An
ellipse is just a stretched out circle.












If we put
a minus sign between the terms of an ellipse 


we get a
stretched out hyperbola. 











The
hyperbola still approaches diagonal asymptotes 


that have
the slopes: 











So for
this problem, the slopes are: 











Since we
don't have anything added or subtracted inside the
parentheses, 


the
hyperbola is centered at the origin (0,0). 


That
means the asymptotes are as well. 





That
makes the asymptote equations Y = ^{1}/2_{ }X and Y
=  ^{1}/2_{ }X. 


So the
graph is: 











When we
worked with ellipses, 


we spent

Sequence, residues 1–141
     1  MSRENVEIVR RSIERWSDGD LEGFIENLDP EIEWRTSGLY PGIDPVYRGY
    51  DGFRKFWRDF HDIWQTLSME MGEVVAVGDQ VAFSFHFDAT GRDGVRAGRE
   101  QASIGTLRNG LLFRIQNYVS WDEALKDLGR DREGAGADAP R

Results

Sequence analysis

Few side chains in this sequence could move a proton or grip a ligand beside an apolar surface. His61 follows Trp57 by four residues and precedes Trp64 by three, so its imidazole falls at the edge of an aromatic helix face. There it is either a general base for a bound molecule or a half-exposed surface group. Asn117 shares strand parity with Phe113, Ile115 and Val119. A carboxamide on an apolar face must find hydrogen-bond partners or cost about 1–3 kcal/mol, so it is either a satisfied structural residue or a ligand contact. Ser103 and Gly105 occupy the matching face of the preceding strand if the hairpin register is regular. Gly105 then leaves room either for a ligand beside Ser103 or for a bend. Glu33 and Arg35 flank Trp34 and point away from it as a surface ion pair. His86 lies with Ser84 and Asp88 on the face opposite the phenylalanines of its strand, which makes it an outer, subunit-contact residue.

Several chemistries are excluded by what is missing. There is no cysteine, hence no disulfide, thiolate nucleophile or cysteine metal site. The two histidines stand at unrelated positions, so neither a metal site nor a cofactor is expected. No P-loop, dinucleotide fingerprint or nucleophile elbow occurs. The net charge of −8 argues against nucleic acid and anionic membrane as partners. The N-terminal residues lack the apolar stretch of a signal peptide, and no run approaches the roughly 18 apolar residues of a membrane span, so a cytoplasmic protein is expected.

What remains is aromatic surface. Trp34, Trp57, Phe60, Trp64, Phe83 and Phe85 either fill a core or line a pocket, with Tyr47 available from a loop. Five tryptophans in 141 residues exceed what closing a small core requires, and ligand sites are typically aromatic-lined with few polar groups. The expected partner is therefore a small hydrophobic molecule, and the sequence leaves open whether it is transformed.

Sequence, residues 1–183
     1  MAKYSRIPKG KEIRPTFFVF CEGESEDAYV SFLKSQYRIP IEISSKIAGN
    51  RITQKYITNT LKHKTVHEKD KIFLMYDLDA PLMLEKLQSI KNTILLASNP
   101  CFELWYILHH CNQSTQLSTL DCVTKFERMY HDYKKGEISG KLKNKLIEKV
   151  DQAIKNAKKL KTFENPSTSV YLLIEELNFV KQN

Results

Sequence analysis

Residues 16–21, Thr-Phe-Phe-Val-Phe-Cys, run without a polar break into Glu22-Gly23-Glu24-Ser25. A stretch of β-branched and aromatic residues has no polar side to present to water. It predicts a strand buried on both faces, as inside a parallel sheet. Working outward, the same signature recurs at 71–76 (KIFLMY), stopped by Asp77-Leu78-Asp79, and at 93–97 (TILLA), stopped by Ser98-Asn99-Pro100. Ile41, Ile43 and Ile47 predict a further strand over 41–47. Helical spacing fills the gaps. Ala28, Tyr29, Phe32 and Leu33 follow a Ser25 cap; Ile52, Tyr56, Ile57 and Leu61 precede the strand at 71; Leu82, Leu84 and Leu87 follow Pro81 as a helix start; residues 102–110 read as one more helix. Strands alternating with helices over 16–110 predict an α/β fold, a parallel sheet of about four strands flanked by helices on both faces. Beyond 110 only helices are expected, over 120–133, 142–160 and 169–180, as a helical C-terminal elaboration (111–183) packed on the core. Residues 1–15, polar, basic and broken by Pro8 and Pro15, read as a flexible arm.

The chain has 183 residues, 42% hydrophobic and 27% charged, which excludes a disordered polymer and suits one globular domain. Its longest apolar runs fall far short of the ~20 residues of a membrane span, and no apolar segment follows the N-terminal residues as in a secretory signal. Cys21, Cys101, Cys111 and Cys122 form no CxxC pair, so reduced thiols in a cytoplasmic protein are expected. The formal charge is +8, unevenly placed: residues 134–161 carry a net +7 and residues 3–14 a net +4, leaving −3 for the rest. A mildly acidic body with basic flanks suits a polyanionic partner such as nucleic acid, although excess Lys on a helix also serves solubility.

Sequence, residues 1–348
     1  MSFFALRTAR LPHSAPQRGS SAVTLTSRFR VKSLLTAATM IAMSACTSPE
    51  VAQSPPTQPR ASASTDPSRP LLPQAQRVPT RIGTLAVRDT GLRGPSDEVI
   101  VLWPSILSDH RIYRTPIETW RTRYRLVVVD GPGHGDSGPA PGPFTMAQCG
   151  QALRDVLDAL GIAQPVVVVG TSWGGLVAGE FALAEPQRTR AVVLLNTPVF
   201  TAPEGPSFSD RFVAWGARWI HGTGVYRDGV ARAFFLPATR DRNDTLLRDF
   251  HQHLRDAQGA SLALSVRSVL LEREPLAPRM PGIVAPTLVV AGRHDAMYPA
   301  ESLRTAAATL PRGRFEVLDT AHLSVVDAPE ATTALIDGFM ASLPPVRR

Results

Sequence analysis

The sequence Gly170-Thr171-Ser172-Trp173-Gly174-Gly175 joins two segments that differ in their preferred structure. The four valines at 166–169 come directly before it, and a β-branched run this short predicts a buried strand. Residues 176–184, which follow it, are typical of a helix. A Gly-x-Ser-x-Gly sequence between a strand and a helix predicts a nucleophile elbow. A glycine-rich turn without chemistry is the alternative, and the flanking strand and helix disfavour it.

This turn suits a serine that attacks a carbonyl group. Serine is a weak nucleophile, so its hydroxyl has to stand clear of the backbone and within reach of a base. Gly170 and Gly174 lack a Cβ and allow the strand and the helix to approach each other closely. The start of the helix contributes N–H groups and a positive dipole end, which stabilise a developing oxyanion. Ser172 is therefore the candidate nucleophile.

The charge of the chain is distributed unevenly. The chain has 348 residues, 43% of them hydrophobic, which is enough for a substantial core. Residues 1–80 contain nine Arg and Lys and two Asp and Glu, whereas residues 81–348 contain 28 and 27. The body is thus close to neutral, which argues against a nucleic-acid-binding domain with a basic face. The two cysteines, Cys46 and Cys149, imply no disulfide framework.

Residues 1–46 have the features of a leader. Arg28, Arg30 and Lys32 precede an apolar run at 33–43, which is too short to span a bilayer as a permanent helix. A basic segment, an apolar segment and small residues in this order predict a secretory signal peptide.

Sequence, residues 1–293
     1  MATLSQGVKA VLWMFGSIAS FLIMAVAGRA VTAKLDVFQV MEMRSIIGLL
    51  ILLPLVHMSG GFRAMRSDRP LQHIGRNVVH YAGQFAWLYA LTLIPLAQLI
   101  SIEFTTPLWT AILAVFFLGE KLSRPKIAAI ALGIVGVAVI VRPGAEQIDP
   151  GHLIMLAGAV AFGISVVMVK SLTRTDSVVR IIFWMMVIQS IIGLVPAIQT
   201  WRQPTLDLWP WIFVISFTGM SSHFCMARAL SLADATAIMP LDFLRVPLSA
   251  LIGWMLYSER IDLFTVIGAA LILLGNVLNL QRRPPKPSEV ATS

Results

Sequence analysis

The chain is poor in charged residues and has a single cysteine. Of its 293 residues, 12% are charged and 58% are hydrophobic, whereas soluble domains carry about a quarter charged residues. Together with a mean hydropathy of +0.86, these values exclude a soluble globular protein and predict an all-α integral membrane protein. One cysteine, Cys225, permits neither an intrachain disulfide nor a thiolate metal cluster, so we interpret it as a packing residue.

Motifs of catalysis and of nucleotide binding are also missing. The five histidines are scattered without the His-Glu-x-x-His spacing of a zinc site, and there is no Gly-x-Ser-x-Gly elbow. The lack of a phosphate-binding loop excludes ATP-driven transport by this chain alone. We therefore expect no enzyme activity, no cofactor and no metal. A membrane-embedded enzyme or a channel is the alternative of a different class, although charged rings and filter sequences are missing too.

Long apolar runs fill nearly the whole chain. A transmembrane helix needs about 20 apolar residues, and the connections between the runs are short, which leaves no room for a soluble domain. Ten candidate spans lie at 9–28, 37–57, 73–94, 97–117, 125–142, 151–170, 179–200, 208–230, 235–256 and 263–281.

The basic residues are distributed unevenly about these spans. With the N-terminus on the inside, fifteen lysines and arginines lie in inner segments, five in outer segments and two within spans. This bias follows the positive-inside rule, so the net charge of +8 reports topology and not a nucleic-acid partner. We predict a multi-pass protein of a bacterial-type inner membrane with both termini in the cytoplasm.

a lot of time talking about focus points. 


Hyperbolas
have focus points too! 


They are
on the centerline of the hyperbola. 


You find
them using the denominators of the X and Y terms. 


Remember
if a term does not have a denominator showing, 


the
denominator is 1. 





The
equation for the distance to the focus point is: 











So for
our hyperbola: 











The
distance from the center to the focus points is: 











The focus
points are (4.47,0) and (4.47,0) 











There is
a trick you can do with hyperbola focus points: 





1) Choose
any point on either hyperbola line. 


2)
Measure the distance from the point to the further away focus point 


3)
Measure the distance to the closer focus point 


4)
Subtract the smaller distance from the larger distance 


5) No
matter what two points you chose, you always get the same answer! 











The
answer will be different for each hyperbola, 


but any
point in a hyperbola will give you the same answer 


as any
other point on that same hyperbola. 





copyright 2005 Bruce Kirkpatrick